Washable Workwear Wednesday: Samantha Bell-Sleeve Dress

I’ve said it before, I’ll say it again: Hobbs’ styles are often appropriate for work and are almost always washable. The brand is a great find if you’re looking for something more on the conservative side of things. Note that it’s not necessarily a budget pick — this dress is almost $300 — but it’s a good option if you’re looking for something made with quality that’s also washable. I like the happy blue of this dress, which I think is sedate but also bright. Note that Hobbs has a ton of bell-sleeve dresses right now in various colors and prints that are all washable as well. It’s a brand to keep an eye on and a nice style of dress as well. Sizes for the dress pictured are 6–18 (UK) / 2–14 (U.S.), and code LOVE will bring the price down from $290 to $232. Samantha Bell-Sleeve Dress

Looking for other washable workwear? See all of our recent recommendations for washable clothes for work, or check out our roundup of the best brands for washable workwear.

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  1. Anonanonanon says:

    This dress is so pretty, but I just haven’t been able to get in to the bell sleeve trend yet. I’m not sure why, I haven’t even tried anything with bell sleeves on to see how I feel about it, I just can’t embrace it quite yet.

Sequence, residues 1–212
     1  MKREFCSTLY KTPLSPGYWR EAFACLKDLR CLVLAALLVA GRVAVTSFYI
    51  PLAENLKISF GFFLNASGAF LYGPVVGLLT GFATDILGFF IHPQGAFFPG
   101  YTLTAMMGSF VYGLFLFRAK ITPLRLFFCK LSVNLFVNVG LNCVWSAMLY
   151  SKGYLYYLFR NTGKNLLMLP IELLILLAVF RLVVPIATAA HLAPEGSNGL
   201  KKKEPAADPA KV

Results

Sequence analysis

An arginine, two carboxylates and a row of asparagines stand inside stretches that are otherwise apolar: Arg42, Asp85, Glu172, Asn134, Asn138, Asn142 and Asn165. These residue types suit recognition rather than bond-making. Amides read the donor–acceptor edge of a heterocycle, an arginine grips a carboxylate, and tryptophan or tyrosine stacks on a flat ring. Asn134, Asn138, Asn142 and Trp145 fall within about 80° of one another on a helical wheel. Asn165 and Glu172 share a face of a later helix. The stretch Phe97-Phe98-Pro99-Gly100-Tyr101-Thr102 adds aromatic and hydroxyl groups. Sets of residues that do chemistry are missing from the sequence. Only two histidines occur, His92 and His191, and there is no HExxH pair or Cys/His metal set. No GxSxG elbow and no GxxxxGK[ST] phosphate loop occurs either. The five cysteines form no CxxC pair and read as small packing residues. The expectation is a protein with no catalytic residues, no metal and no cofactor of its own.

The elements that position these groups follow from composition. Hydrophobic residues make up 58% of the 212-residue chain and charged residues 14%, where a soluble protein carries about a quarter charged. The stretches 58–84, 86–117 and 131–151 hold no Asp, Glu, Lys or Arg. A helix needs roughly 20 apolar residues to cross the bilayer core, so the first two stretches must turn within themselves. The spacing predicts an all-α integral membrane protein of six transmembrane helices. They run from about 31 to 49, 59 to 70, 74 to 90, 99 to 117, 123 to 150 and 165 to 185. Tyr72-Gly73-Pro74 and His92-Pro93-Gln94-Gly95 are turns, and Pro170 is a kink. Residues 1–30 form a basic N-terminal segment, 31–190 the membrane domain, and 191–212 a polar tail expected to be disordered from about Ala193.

• This isn’t as extreme a bell sleeve as I have seen but I wouldn’t buy something so trendy for $300 unless I loved it and was going to continue to wear it after the trend dies (hopefully soon).

      • I don’t mind trendy details like this if they can be easily altered, like, here, by just shortening the sleeve.

    • Me either, and it’s because it’s a very obvious trendy shape. Similar to bell bottoms – they’re just so extreme in shape that it’s hard to see them as anything other than trendy. I’m not of the age or body type where I can pull off items after they’ve gone out of style. (I can barely pull off trendy items when they’re IN style.) I can stick to a pretty classic silhouette and maybe mix in a trend-evocative piece here and there, but going full bell sleeve is pretty glaring on me.

    • Legally Brunette says:

      This has exactly everything I want in a dress (style, color, fitted waist) except the sleeves. It’s going to look so dated by next year.

    • Anonymous says:

      This dress is nice, but something about it is too Kate Middleton for me.

    • Hard pass on the bell sleeves for workwear. I bought a jacket with them last year and solved the issue by having my tailor take the bells off so that the jacket ended up with bracelet length sleeves. No regrets.

      I do have one blouse with poet sleeves (i.e. a ruffle at the wrist), but I think that is a more classic look. That blouse works with standard blazers or trousers, but because of the ruffle placement, does not add weight around the midsection like bell sleeves often do . . .